Your artistic metamorphosis, at a certain point, manifested itself in a keen interest in representations of the female form. In the “Self Evolution” collection, you unsettle the public by presenting images of vigorous, "masculine", almost androgynous women; spontaneously provocative, sensual and cold at the same time, veritable holders of life and death. In fact, what is being concealed behind those hidden faces and those very physical bodies with a female form?
What I always want to represent is the human being, often a women, a mother. My figures try to identify with the viewer, they try to give an emotional description of humanity. The enquiry is not without a purpose, rather it aims to separate the individual from their social context offering them an understanding that is unique and intimate. The faces, frequently covered, deliberately conceal the personal identity of the figure, which is often substituted by cryptic codes. The fact that many of my figures wear helmets is to protect human thought, the power of ideas, which nowadays we must defend vigorously. As regards the materials used, I like experimenting, using light synthetic supports, polystyrene, forex etc. It is just a matter of being contemporary not only in the form, the contents, the colour and subjects, but also in the materials and methods.
What does it mean to you to exhibit alongside artists who have participated in the Venice Biennale or with international artists?
The opportunity to exhibit contemporary work at the Volkskunstmuseum in Innsbruck was stimulating above all for an artist who, although remaining a product of tradition, wants to assert some distance from it. I had an excellent rapport with Aron Demetz and Lois Anvidalfarei, especially since we come from the same "Heimat". I collaborated with Althea Thauberger on "Manifesta 7" and even though we are no longer in touch, having the opportunity to work with her opened my eyes and mind.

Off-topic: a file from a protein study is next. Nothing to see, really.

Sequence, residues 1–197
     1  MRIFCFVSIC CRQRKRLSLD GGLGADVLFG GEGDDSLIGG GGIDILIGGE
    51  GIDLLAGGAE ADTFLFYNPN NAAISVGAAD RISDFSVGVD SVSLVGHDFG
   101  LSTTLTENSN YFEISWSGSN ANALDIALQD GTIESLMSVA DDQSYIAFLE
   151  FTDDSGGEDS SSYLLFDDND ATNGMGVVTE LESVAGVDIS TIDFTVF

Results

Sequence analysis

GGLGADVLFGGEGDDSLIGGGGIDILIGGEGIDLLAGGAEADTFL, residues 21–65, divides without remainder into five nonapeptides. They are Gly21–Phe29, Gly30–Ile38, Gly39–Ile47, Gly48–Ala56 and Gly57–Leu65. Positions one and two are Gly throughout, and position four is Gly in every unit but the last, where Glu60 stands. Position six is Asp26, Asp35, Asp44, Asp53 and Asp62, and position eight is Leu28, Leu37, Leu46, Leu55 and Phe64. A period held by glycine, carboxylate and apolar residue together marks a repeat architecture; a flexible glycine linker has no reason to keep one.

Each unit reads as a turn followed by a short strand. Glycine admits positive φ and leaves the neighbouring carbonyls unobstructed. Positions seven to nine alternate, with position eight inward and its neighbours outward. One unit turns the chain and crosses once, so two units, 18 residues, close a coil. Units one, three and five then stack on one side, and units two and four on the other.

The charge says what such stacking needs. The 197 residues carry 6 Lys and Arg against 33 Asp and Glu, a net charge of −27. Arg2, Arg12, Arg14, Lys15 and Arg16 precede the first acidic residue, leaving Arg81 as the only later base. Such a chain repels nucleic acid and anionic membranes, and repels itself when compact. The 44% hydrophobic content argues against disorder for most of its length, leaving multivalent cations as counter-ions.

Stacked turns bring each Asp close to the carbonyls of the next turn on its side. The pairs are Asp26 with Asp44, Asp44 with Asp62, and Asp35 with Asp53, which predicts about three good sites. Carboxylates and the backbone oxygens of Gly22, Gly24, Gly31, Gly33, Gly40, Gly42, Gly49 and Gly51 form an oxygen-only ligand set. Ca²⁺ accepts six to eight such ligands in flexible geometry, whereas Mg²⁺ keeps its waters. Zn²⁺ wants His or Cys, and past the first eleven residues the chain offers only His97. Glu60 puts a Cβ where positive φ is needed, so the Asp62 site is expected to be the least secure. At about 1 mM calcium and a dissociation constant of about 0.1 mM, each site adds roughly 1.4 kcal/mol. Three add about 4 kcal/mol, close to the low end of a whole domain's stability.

Would you like to exhibit in galleries or institutions such as cultural institutions or similar venues?
Exhibiting is important for an artist, but most of all it is important for society. Art generates ideas, thoughts. Without stimulation or provocation the brain does not generate thoughts, words, actions. An artist must be part of society, they have a fundamental role, often they can choose less used, more banal, more obvious routes to reach an objective. I have always believed in the power of art as a "mishap", as a "useless product", which precisely because of that becomes unique, it becomes something ephemeral and invisible, able to generate new philosophies and new points of view.
Like David Hockney, you use a simplified figurative style, which although done with irony, highlights the artificial, falsely happy circumstances that affluent society and advertising impose and pass off. Do you see yourself in this typical role of relating everything without saying everything?
Relating everything without saying everything is dangerous, even though it is convenient, as advertising has taught us. I like to explore the human condition through pictorial representation, trying to distance it from society, from its surroundings, which although they may be comfortable and filled with technology, risk preventing us from understanding ourselves.
After this experience and the direction your art has taken for many years, what are your plans for the future?
I have always believed that it is not people who choose what to do, but the world that chooses the people it needs.
Interview by Federica Giobbe